Last week, California made made headlines for a bill that, if passed, could become the nation's most restrictive student data law. Under the bill, which is waiting for Gov. Jerry Brown's stamp of approval, there are three components: First, educational sites, apps, and cloud services within schools are prohibited from selling or disclosing personal information about K-12 students. Second, these groups can't use the data for marketing services. Lastly, they are prohibited from creating files on that data.
Despite the fact that the selling and marketing use of student data is already prohibited under FERPA and COPPA, fears remain among parents that it — despite the benefits to schools — could be leaked or used for less-than-desirable purposes. And that concern has become valuable political currency, as well.
With that in mind, we decided to look at a few ways data is currently being utilized in schools, as well as the concerns accompanying those uses.
1. Palm scanning
When Georgia's Muscogee County School District decided it needed a better process for students to purchase lunch, it went with palm-scanning technology. Using Meral Computing Services (MCS) software with Fujitsu PalmSecure hardware, the School Nutrition Department has implemented a simple service where a quick swipe of the hand pulls up a child's meal plan. What used to be an arduous process and wasted time in line now is a four-second exchange.
"It's a quick and easy way to help expedite the time spent in the lunch line to purchase meals and helps to ensure accurate, efficient identification of students, funds, and reports," School Nutrition Director Marian Bone told WTVM in August 2013. As long as parents have access to the student's personal ID number, they can add money to their child's account via an online site.
While this definitely appears to be a time saver — nobody is going to argue with the convenience of four seconds — some critics point to the fact that this technology is probably not cheap. It is the same near-infrared technology found in television remote controls and Nintendo Wii controllers, and, of course, some feel the money may be better spent on classroom supplies, books, and resources. While new tech and efficiency are great, it's also important to do a cost-benefit analysis. How is the new tool benefiting the school culture, and does the price match?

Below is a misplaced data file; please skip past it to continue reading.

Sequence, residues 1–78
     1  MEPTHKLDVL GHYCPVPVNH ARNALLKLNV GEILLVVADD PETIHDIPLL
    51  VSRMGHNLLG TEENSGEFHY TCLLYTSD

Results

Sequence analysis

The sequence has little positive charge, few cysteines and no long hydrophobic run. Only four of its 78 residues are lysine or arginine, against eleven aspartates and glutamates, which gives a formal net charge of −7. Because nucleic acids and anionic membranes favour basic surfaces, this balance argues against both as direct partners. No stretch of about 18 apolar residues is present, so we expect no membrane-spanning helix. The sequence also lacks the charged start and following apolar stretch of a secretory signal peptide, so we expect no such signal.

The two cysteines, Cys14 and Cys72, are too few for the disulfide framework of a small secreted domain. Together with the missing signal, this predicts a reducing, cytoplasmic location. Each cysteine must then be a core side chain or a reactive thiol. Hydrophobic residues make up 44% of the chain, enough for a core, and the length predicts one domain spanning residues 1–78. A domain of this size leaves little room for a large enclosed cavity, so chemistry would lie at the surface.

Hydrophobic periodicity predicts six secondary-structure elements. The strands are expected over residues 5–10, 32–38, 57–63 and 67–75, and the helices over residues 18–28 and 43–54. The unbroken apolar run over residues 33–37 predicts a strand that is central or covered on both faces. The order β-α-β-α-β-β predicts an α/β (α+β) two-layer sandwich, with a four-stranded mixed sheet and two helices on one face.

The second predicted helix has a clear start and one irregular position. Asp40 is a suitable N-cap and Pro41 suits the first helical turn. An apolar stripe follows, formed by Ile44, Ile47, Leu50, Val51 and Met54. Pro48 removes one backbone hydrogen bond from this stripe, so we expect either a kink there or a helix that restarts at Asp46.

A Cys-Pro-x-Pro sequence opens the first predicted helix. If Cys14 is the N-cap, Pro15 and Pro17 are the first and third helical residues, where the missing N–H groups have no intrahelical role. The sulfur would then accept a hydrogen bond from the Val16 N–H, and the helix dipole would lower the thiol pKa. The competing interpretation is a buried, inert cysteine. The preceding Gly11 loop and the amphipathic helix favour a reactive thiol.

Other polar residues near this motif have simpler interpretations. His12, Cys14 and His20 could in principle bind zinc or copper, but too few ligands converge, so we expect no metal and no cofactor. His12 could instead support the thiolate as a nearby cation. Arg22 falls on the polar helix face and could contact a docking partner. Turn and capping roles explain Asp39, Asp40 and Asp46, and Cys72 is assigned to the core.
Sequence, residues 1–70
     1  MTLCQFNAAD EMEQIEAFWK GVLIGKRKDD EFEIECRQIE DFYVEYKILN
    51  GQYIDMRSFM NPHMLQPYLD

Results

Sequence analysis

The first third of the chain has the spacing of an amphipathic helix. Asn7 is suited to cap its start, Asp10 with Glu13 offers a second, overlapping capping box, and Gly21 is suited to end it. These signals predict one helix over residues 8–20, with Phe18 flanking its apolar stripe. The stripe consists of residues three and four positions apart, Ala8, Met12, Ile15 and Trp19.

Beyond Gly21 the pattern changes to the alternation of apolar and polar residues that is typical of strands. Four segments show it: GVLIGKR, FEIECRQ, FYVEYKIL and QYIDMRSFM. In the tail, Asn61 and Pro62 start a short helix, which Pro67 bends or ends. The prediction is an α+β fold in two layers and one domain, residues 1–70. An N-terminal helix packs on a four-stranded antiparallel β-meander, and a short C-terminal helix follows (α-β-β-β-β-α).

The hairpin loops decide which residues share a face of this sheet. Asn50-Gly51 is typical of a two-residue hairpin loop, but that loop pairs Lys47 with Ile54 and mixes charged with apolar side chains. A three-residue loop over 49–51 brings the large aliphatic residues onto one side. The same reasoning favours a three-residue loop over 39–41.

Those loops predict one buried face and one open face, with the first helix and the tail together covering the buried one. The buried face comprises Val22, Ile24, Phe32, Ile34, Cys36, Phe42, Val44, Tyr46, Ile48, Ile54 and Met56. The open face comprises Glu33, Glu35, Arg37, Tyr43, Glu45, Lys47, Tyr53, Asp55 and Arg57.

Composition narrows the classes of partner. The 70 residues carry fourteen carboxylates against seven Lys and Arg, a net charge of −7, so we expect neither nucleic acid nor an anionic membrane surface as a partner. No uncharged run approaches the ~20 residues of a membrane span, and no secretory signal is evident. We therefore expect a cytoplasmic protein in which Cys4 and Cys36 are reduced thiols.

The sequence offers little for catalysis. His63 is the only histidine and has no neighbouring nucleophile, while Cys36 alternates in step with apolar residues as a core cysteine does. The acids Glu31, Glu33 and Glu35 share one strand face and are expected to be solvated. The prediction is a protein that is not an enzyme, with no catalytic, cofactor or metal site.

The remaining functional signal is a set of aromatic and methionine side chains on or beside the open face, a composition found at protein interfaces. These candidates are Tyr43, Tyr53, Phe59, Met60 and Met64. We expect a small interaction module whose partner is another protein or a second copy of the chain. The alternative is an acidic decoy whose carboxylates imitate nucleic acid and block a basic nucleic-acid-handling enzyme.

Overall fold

In terms of overstepping boundaries, we can see some parents uncomfortable with the fact that their child's hand print is now tied to their virtual school bank account. Since the money can't be used elsewhere, it likely won't pose a massive problem. However, there is something very "futuristic" about the process that may cause some to feel uneasy.
2. LMS and SIS
More of an obvious entry, learning management systems (LMS) and student information systems (SIS) provide teachers with academic data, behavioral data, and sometimes both. The platforms are employed by schools nationally to help with efficiency. Teachers can access a student's grades, whether or not they have turned in assignments, and any extra credit they've done, in just a few clicks. With the academic and behavioral combination, educators are said to be better prepared to come up with holistic plans for their students.
As is evident in our previous profile of eight K-12 LMS platforms and interview with Kickboard CEO Jen Medbury, these tools bring obvious benefits to the classroom. One thing to pay attention to going forward is the debate over how this data is being used. The three mandates in the California bill stop this sort of data from being sold to third-parties (even though, as stated above, FERPA and COPPA already address that very issue).
One argument that may gain prominence: The perceived reduction in security with cloud-based LMS and SIS platforms, since breaches may be seen as more likely.
3. Grading products
Products like BubbleScore take students' answers and quickly grade them. With BubbleScore, for example, students take standardized tests on an app (either on their phone, a computer, or a tablet) and then their scores get graded automatically and can be imported into a teacher's gradebook. The platform is lauded for efficiency when it comes to teacher grading.
As with LMSes and other systems, these products just need to be monitored to make sure the data stays in the right hands.
Another grading product, iParadigm, takes a student's written text and measures it against other writing to make sure nothing has been plagiarized. A technology like this is efficient when looking over student work, but its cloud-based nature may have some parents concerned about where the data can go. Let's also say a student plagiarizes on a ninth grade English paper that is checked with iParadigm, but never does it again. Will their slip up somehow make its way to a college admission's officer? This is another fear some parents may have.